(Bloomberg) — Dealmakers in India will be busier than ever as global investors are going to follow Facebook Inc. and Google in deploying capital into the country, according to Carlyle Group.
The South Asian nation has become Carlyle’s No. 2 investment destination in Asia after China, according to Gregory M. Zeluck, its Hong Kong-based managing director and co-head for buyout funds in the region. The U.S. firm has announced two deals in India in the past month — an acquisition of a 20% stake in billionaire Ajay Piramal’s pharmaceutical business for $490 million and paying $235 million for a stake in Bharti Airtel Ltd.’s data-center business.
India emerged as a rare bright spot for dealmaking this year, thanks in large part to $19.5 billion of investments in Mukesh Ambani’s technology ventures from Carlyle’s rivals such as KKR & Co. as well as the likes of Facebook and Google. The Silicon Valley giants are coming after India’s half a billion Internet users, whose growing embrace of everything from e-commerce to messaging and digital payments is drawing comparisons to the early days of China’s technology boom.
Overseas investment into both China and India has swelled enormously in the past two decades, according to data compiled by Bloomberg. China receives tens of billions more per year than its Asian rival, yet investment there peaked in 2015, before trade tensions, including the long-simmering dispute with the U.S., began to weigh on deals. By contrast, foreign investment into India last year was 134% higher than in 2015.
“China has just taken off in the last decade from an investment perspective and India is sure to follow,” Zeluck said in an interview. “It looks like we are on the inflection point now, this year and next year. I wouldn’t say it is going to explode but it is going to grow very substantially in the next five to seven years.”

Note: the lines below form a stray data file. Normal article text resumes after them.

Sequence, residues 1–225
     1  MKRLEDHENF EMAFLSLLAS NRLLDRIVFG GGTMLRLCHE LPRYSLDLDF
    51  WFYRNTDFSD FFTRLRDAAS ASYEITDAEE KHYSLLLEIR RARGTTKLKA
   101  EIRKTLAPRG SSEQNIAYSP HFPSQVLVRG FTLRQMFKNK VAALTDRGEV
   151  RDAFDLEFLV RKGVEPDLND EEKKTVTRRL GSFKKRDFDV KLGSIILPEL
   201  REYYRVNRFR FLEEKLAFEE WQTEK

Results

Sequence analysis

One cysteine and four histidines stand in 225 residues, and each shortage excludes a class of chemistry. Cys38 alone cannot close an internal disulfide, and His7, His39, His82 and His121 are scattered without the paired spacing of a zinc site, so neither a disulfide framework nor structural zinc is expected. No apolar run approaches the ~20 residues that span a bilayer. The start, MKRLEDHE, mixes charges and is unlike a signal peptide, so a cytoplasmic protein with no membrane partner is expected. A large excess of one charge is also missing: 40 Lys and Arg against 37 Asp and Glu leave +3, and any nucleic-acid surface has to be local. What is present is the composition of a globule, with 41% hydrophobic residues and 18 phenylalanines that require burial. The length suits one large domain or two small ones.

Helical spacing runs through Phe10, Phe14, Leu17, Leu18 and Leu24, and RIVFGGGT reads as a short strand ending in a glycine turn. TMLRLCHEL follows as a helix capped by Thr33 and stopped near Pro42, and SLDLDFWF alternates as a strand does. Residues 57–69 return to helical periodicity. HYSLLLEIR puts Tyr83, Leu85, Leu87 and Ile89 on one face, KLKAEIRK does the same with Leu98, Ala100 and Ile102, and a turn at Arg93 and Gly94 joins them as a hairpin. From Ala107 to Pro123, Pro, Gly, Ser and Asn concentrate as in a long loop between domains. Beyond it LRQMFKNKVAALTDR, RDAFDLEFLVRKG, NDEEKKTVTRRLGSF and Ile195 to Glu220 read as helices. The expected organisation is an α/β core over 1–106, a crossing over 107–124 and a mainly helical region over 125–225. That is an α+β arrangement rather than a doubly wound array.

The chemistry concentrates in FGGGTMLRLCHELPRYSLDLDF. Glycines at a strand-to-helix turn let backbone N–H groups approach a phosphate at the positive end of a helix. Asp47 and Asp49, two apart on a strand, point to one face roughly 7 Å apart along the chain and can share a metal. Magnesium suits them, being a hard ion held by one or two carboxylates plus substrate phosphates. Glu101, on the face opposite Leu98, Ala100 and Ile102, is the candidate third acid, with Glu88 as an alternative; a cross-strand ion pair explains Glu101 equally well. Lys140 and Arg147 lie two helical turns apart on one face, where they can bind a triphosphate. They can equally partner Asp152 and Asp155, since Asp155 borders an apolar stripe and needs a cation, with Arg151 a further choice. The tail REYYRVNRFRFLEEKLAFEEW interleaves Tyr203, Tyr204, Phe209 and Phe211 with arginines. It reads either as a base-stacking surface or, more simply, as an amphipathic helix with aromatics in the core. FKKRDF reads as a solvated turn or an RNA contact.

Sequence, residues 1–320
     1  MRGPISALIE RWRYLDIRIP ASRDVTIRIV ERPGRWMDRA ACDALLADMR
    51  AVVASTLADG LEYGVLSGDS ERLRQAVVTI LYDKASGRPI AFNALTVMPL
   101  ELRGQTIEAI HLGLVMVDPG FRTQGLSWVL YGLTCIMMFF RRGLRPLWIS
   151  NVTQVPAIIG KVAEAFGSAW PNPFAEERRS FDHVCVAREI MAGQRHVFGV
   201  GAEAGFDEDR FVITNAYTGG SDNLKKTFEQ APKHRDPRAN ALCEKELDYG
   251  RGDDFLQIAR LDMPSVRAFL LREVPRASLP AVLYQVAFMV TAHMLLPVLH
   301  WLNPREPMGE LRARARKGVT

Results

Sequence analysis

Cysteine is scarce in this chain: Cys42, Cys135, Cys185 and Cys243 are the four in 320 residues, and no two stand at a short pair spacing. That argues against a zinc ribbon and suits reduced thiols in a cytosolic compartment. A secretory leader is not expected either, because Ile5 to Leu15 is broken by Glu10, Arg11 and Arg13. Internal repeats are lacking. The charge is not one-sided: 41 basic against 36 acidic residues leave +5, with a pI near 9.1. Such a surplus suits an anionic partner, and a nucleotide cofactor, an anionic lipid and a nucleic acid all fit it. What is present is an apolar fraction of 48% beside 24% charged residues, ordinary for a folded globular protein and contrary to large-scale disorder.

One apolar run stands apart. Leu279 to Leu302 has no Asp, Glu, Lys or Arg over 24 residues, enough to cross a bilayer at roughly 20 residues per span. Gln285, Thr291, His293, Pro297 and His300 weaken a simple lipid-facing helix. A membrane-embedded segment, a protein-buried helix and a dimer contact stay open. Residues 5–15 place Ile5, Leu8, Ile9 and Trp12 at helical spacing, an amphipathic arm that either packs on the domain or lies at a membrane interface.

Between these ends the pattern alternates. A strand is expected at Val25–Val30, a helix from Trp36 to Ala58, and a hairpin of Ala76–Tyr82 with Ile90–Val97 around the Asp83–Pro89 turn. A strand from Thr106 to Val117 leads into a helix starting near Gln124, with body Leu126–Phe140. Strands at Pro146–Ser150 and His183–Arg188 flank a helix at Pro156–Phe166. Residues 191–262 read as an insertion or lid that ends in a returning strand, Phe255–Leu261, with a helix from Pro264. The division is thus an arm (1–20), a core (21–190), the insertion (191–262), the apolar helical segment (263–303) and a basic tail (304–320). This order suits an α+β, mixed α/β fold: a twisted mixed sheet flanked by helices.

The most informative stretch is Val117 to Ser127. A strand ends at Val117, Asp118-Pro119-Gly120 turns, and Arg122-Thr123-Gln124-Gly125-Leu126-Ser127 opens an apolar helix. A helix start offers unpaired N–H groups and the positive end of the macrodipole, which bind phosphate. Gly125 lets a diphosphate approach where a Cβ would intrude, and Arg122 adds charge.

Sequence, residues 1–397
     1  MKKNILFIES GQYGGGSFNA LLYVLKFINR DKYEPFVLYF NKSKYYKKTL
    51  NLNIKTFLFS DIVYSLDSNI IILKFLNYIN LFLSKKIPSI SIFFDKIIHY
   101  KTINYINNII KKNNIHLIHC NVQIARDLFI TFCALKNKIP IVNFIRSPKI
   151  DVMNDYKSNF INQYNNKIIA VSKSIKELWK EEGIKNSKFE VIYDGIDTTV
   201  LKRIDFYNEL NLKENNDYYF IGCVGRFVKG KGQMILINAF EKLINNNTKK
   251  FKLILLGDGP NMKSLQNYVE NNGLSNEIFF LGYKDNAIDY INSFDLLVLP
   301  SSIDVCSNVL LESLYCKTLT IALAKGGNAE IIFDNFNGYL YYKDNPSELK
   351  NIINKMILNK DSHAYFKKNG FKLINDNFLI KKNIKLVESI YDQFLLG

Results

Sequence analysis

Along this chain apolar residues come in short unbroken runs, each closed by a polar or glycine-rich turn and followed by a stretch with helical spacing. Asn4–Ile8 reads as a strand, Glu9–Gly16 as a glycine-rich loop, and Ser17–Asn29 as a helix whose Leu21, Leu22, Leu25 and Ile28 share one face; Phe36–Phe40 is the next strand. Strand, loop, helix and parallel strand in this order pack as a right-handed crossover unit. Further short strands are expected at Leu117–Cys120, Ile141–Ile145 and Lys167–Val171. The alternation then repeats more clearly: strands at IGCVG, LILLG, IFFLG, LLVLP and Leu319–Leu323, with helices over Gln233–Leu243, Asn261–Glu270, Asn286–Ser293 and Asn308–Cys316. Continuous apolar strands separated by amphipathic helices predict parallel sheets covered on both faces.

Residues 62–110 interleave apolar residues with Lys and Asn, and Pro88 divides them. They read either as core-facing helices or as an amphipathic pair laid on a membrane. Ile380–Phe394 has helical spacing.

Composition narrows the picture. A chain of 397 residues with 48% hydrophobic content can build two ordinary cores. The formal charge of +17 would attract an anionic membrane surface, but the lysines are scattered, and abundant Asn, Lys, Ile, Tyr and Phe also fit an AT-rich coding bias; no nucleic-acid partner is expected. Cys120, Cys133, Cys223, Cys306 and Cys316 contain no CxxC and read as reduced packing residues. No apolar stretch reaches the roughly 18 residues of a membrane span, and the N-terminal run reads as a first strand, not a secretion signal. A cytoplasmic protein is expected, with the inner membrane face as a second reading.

Carlyle plans to step up investing in India’s media and digital sectors, Zeluck said. While the International Monetary Fund is forecasting that India’s economy will contract as one of the world’s biggest and strictest lockdowns takes its toll, the impact of the Covid-19 pandemic will potentially be beneficial for health care, he added.
“Some logistics may be a bit of issue, getting control of Covid at the beginning can be an issue,” Zeluck said. “Through the economic downturn, particularly pharma may show some upside as well. So pharmaceuticals and health care in general are two verticals that we think are investible at this point in time.”
Tensions between China and the U.S. will also prompt supply chains to move into India, Zeluck said. The pharmaceutical industry will be the biggest beneficiary, and electronics and other manufacturing may also see a shift, he added.
“We are very excited about India,” Zeluck said. “There were some economic troubles the country has already been facing. But we have a tremendous level of confidence that India will rebound and will be a great investment for the long term.”
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